BACKGROUND: Autophagy is the degrading process of protein and organelles mediated by lysosomes. This process is involved in purging senescent organelles and subversive proteins while maintaining the stability of the intracellular environment. This phenomenon is highly conservative, existing in nearly every species, and is involved in cell growth, proliferation and tumorigenesis. SUMMARY: In recent decades, with the discovery of autophagy-related genes and proteins in conjunction with the improvement in detection methods, the study of autophagy is constantly achieving new breakthroughs...
April 2016: Kidney Diseases
Richard J Glassock
A Polar Views discussion by Pozzi and Rauen et al. on the interpretation and clinical application of the recently published Supportive Versus Immunosuppressive Therapy of Progressive IgA Nephropathy (STOP-IgAN) trial has elucidated important points concerning potential strengths and weaknesses of this landmark randomized trial. This critical examination of the impact of steroid monotherapy or steroid plus an immunosuppressive (IS) agent compared with 'supportive' therapy with inhibitors of the renin-angiotensin system (RAS) has enhanced our appreciation of the importance of rigorous application of titrated RAS inhibition in high-risk patients with persistent proteinuria >0...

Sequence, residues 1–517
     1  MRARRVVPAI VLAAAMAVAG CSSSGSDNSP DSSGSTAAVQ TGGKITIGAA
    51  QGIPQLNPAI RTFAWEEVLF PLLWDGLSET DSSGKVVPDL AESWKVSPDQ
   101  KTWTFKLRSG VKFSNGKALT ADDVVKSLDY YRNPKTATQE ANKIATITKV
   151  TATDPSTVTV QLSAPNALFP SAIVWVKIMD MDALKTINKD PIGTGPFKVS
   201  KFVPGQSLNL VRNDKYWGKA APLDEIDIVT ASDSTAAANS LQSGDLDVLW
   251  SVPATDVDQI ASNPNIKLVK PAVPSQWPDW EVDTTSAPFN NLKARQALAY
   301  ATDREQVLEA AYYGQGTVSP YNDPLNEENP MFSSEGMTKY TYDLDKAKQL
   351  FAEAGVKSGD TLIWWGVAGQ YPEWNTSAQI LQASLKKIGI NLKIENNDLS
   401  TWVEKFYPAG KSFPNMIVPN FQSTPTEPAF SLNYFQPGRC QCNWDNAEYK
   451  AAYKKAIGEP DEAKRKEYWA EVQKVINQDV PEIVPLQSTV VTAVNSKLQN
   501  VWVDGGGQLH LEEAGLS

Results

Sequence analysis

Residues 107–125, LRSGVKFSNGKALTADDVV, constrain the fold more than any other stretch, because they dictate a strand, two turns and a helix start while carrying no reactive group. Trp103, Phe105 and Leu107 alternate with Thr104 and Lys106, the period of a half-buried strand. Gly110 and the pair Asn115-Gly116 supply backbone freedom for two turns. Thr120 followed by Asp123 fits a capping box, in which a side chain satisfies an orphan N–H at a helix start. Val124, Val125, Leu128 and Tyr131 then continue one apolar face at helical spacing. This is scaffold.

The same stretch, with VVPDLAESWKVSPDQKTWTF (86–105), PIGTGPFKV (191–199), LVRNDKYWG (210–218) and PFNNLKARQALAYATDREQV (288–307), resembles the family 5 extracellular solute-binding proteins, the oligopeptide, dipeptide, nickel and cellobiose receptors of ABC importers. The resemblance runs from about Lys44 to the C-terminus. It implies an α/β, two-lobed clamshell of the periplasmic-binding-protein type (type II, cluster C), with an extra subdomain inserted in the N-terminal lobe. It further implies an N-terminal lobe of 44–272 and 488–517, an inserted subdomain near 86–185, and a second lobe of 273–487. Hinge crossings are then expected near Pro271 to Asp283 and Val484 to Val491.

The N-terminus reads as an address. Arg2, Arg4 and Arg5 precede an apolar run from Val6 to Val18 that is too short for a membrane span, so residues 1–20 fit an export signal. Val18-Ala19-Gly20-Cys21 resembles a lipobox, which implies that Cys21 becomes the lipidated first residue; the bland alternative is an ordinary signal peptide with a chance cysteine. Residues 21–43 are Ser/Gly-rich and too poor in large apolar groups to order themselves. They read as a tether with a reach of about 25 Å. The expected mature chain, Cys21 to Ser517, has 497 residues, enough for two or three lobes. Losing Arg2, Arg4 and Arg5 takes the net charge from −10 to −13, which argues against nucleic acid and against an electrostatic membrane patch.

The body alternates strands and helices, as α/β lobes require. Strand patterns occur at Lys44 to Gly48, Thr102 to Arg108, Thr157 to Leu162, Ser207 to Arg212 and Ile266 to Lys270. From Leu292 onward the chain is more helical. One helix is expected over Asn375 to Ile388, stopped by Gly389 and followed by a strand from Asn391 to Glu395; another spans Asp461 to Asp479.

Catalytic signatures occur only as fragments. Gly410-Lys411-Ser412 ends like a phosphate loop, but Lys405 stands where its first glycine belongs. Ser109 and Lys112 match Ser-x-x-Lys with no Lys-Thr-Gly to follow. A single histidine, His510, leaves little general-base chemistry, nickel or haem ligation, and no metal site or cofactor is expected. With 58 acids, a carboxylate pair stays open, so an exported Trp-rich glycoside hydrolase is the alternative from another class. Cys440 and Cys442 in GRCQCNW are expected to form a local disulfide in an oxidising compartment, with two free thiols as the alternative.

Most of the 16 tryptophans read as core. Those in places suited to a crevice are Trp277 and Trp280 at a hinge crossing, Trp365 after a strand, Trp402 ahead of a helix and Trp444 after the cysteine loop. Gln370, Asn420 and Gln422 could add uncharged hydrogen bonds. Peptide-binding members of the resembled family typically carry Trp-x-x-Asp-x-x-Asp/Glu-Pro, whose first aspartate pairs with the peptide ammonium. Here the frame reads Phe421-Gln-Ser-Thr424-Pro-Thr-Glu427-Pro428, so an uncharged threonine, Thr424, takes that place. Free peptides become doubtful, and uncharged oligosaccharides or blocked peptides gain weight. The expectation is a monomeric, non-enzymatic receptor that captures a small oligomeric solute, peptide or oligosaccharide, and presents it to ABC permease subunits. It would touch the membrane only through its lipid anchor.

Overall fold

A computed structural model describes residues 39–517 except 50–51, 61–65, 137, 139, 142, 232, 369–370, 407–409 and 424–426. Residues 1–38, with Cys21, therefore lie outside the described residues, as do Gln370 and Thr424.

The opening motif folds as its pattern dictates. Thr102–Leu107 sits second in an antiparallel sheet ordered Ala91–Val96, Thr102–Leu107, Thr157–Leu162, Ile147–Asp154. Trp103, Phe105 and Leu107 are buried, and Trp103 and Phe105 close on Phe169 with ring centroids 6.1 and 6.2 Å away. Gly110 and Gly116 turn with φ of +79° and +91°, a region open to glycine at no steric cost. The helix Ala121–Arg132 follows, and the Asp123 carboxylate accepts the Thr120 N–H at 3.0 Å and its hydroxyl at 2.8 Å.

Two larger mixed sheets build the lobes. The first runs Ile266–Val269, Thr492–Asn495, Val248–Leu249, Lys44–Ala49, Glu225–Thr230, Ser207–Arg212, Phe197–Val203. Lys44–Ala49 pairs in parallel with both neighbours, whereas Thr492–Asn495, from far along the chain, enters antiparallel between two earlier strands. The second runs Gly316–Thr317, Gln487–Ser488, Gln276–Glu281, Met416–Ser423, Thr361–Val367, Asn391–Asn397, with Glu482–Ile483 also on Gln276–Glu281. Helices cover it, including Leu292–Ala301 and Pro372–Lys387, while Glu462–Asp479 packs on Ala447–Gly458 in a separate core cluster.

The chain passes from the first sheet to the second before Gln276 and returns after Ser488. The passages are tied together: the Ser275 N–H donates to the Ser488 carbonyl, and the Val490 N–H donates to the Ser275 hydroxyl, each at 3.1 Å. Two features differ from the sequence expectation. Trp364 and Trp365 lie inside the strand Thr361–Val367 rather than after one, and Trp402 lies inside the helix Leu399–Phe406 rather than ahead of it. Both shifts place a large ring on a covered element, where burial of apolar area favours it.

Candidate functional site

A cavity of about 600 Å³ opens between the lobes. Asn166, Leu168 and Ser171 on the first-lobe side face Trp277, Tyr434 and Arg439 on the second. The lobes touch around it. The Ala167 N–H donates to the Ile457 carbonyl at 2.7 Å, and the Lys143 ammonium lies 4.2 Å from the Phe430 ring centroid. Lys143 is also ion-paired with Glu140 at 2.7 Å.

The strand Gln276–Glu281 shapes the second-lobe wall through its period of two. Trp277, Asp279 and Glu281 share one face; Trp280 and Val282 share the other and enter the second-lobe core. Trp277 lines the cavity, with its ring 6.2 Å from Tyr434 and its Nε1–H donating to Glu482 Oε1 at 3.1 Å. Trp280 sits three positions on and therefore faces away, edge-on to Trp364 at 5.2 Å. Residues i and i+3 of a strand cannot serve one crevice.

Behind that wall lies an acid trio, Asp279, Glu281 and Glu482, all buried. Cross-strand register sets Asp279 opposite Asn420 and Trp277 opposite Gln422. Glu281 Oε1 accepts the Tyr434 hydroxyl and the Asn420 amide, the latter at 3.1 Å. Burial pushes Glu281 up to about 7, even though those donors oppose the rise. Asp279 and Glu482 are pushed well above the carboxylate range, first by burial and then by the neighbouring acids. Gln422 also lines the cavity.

August 11, 2016: Nephrology, Dialysis, Transplantation
Thomas Rauen, Frank Eitner, Christina Fitzner, Jürgen Floege, Claudio Pozzi
A comprehensive supportive therapy approach constitutes the mainstay treatment of IgA nephropathy (IgAN) patients. In our recent Supportive versus immunosuppressive Therapy Of Progressive IgA Nephropathy (STOP-IgAN) trial, we systematically selected for patients at high risk of a progressive disease course and evaluated the effect of immunosuppression, combined with supportive care, on renal end points in these patients. There was a higher rate of full clinical remission and transient proteinuria reduction in immunosuppressed patients...
August 11, 2016: Nephrology, Dialysis, Transplantation
Michio Fukuda, Osamu Hotta, Masashi Mizuno, Yoshiaki Ogiyama, Nobuyuki Ohte